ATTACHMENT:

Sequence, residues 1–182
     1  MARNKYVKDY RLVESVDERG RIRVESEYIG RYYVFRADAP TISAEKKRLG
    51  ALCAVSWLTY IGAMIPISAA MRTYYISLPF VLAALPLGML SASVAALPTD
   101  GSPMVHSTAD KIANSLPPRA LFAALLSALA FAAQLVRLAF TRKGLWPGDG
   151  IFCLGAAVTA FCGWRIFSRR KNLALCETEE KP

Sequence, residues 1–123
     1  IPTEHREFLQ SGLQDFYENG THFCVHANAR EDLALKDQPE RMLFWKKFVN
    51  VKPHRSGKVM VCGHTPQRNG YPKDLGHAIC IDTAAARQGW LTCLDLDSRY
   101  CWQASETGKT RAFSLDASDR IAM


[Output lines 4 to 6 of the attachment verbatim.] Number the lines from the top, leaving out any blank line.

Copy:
   101  GSPMVHSTAD KIANSLPPRA LFAALLSALA FAAQLVRLAF TRKGLWPGDG
   151  IFCLGAAVTA FCGWRIFSRR KNLALCETEE KP

Sequence, residues 1–123